Ethnopharmacological relevance: Scrophularia buergeriana has been used for traditional medicine as an agent for reducing heat in the blood and for nourishing kidney ‘Yin’. Therefore, S. buergeriana might be a potential treatment for mental illness, especially schizophrenia, which may be attenuated by supplying kidney Yin and reducing blood heat. In a pilot study, we found that S. buergeriana alleviated sensorimotor gating dysfunction induced by MK-801. Aim of the study: In the present study, we attempted to reveal the active component(s) of S. buergeriana as a candidate for treating sensorimotor gating dysfunction, and we identified 4-methoxycinnamic acid. We explored whether 4-methoxycinnamic acid could affect schizophrenia-like behaviors induced by hypofunction of the glutamatergic neurotransmitter system. Materials and methods: Mice were treated with 4-methoxycinnamic acid (3, 10, or 30 mg/kg, i.g.) under MK-801-induced schizophrenia-like conditions. The effect of 4-methoxycinnamic acid on schizophrenia-like behaviors were explored using several behavioral tasks. We also used Western blotting to investigate which signaling pathway(s) is involved in the pharmacological activities of 4-methoxycinnamic acid. Results: 4-Methoxycinnamic acid ameliorated MK-801-induced prepulse inhibition deficits, social interaction disorders and cognitive impairment by regulating the phosphorylation levels of PI3K, Akt and GSK-3β signaling in the prefrontal cortex. And there were no adverse effects in terms of catalepsy and motor coordination impairments. Conclusion: Collectively, 4-methoxycinnamic acid would be a potential candidate for treating schizophrenia with fewer adverse effects, especially the negative symptoms and cognitive dysfunctions.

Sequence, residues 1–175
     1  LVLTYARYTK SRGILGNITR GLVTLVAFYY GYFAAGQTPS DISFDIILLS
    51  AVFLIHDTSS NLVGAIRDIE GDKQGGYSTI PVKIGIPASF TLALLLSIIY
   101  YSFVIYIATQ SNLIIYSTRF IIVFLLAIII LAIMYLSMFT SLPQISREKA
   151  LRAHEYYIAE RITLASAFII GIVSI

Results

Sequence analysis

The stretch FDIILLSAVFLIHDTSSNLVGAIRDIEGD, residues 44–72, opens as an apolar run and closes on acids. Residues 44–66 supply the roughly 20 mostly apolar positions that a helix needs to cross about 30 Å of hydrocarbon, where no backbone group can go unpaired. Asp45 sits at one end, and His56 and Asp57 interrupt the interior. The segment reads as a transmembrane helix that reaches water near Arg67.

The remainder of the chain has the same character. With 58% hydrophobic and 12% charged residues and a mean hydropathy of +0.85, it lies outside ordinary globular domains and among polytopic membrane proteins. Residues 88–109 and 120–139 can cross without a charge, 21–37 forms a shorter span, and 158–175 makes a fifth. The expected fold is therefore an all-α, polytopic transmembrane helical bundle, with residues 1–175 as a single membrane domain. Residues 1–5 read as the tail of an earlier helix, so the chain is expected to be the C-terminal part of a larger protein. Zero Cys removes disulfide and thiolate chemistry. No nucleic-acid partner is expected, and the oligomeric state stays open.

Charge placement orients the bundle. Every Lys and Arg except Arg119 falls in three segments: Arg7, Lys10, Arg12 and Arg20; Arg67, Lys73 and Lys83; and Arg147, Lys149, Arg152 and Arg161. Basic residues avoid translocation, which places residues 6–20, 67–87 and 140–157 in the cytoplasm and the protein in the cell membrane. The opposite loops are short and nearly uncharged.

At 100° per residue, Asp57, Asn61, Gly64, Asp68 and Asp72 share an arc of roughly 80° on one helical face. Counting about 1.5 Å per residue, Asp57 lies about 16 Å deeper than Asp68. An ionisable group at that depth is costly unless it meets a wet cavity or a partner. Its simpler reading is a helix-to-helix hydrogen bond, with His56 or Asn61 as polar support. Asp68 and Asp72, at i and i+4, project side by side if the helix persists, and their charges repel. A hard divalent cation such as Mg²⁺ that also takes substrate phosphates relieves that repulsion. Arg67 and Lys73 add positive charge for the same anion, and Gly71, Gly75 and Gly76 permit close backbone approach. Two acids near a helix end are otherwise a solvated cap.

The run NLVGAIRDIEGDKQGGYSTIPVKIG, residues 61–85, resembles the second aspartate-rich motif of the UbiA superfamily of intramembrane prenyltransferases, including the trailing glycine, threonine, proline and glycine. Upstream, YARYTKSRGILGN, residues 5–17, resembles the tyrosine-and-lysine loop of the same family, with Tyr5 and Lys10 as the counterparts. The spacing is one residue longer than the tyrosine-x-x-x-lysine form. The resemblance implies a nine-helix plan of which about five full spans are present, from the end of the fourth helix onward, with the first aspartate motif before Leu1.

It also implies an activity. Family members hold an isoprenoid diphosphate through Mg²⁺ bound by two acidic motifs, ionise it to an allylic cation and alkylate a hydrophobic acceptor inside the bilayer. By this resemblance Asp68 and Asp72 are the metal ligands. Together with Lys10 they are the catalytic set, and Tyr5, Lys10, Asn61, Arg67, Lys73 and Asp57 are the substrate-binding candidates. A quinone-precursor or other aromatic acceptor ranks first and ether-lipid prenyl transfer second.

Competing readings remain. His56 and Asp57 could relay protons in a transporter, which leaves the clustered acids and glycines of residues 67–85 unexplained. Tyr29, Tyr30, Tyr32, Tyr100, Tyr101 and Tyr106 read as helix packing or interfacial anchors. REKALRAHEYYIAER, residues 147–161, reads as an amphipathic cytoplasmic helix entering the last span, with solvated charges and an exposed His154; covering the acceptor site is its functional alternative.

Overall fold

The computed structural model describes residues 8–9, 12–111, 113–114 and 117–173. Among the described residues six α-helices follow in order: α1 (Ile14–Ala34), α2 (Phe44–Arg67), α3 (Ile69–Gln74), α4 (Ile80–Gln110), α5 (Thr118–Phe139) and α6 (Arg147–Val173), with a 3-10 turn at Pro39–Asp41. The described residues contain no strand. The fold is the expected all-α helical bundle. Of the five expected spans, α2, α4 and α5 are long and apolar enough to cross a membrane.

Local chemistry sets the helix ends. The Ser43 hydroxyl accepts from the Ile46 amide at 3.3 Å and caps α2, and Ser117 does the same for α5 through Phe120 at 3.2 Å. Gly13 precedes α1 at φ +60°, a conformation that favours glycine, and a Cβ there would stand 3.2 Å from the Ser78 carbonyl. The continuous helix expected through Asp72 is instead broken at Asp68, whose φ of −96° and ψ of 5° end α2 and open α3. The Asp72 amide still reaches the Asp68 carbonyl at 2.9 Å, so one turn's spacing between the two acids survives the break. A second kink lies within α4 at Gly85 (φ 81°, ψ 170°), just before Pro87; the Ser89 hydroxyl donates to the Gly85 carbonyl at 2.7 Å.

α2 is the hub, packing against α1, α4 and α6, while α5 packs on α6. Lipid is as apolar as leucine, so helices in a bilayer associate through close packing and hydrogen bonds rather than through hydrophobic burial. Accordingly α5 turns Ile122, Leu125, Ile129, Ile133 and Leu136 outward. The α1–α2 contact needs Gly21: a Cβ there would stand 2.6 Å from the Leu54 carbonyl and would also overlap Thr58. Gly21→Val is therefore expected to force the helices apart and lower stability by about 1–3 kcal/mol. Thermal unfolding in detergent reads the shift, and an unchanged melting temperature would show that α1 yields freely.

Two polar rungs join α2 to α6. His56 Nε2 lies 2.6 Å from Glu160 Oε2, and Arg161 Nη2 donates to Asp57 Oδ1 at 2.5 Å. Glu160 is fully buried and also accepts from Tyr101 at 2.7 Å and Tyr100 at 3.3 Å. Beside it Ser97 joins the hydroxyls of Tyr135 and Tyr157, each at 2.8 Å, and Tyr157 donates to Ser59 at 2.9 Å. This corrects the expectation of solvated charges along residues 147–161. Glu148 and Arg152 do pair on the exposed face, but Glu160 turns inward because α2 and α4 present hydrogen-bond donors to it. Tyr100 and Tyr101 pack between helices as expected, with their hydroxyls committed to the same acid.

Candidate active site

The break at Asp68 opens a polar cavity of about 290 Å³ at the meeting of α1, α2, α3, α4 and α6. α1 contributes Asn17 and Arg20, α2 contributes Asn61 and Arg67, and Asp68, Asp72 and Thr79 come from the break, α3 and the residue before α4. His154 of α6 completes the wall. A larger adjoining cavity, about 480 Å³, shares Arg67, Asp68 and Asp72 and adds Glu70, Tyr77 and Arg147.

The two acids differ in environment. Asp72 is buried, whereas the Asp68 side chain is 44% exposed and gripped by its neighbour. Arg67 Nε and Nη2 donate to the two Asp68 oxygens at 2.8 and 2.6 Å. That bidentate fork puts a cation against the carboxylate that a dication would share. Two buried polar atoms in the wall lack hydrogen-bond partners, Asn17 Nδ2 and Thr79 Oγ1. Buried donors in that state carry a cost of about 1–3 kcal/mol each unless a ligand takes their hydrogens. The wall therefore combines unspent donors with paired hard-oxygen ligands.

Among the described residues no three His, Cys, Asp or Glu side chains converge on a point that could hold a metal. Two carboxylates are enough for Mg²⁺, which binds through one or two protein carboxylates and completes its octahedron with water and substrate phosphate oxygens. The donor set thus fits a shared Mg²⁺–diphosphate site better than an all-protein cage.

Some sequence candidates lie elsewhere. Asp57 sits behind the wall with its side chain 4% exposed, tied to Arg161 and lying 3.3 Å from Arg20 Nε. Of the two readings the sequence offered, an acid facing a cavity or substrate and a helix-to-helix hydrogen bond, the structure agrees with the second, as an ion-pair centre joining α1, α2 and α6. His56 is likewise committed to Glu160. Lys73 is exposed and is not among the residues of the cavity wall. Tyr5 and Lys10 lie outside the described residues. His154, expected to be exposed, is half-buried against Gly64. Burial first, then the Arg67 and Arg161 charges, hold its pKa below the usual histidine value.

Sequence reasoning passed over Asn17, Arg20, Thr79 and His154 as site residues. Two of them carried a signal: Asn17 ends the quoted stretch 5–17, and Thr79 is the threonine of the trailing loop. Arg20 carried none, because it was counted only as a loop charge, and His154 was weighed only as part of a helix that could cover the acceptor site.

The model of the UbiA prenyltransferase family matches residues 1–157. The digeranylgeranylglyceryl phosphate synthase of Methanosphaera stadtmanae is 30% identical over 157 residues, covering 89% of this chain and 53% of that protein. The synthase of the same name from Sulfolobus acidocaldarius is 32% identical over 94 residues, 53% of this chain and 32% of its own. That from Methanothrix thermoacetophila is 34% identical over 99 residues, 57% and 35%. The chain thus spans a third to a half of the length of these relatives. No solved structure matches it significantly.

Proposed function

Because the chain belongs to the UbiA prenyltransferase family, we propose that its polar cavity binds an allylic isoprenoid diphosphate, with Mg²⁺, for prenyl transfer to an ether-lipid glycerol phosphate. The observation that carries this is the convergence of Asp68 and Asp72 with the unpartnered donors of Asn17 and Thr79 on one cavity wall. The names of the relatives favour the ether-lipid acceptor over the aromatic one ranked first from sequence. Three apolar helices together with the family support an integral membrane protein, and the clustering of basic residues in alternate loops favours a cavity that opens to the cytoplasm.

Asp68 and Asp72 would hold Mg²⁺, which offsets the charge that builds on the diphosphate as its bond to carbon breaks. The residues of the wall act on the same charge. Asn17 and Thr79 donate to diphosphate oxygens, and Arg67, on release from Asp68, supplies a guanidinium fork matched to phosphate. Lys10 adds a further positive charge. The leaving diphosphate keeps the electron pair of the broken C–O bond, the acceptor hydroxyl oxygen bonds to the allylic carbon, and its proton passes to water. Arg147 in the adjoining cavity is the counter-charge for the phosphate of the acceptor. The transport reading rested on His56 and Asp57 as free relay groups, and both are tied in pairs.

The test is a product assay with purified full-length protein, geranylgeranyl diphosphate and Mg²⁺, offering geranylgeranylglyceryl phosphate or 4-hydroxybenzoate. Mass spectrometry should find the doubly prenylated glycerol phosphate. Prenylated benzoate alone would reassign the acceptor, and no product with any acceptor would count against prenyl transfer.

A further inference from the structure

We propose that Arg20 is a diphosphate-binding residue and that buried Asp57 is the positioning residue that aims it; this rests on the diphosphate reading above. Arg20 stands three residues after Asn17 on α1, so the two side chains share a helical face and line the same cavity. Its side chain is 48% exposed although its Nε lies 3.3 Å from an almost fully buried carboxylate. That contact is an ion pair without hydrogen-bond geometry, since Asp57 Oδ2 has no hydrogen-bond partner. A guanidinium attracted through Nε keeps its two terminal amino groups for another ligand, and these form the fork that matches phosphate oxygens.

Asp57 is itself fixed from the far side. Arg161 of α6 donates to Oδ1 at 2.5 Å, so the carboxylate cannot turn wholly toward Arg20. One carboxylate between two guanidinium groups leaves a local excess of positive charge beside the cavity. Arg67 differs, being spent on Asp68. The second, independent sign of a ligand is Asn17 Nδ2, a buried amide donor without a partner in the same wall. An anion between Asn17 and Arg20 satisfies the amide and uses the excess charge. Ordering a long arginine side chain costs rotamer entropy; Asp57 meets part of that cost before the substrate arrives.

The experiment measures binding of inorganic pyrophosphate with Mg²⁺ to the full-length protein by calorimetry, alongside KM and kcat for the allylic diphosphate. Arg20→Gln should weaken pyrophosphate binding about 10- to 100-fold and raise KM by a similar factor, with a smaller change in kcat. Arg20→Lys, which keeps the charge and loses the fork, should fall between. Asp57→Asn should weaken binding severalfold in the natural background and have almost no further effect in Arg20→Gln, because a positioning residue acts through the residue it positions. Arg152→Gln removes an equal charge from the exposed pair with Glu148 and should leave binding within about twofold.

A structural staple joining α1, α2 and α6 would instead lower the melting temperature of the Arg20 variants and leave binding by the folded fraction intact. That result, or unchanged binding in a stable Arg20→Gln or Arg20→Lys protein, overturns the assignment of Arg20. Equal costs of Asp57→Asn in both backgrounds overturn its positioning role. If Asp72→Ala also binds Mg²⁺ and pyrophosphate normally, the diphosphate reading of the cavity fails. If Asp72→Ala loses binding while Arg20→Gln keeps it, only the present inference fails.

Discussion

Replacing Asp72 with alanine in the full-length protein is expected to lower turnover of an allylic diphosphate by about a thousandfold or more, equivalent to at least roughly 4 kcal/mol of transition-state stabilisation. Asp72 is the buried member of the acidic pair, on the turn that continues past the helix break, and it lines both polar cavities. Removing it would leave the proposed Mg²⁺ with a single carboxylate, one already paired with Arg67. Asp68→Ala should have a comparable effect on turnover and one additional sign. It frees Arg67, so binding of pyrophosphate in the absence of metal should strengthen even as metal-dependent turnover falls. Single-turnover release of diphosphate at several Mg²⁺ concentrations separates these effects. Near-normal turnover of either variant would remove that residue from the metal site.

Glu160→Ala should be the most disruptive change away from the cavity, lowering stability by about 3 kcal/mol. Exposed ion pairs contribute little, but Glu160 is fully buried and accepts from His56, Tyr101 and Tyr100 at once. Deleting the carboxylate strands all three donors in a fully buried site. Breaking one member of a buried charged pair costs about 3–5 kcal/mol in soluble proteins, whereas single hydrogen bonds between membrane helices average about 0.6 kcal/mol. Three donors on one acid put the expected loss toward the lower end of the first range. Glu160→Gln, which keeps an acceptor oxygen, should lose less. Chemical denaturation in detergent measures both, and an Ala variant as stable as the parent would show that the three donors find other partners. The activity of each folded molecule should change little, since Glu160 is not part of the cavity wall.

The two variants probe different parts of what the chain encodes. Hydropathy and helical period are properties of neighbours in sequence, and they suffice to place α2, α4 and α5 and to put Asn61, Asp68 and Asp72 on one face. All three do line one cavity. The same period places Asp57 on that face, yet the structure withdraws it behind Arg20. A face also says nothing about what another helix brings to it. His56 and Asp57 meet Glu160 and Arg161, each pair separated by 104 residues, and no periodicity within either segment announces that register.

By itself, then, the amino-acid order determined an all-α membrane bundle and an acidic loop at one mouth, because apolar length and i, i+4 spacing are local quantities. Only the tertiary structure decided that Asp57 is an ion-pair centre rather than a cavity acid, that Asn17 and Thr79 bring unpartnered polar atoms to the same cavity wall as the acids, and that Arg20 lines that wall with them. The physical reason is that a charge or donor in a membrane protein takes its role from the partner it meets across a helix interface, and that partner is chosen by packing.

- 4-Methoxycinnamic acid
- Cognitive function
- PI3K-Akt-GSK-3β signaling pathway
- Social interaction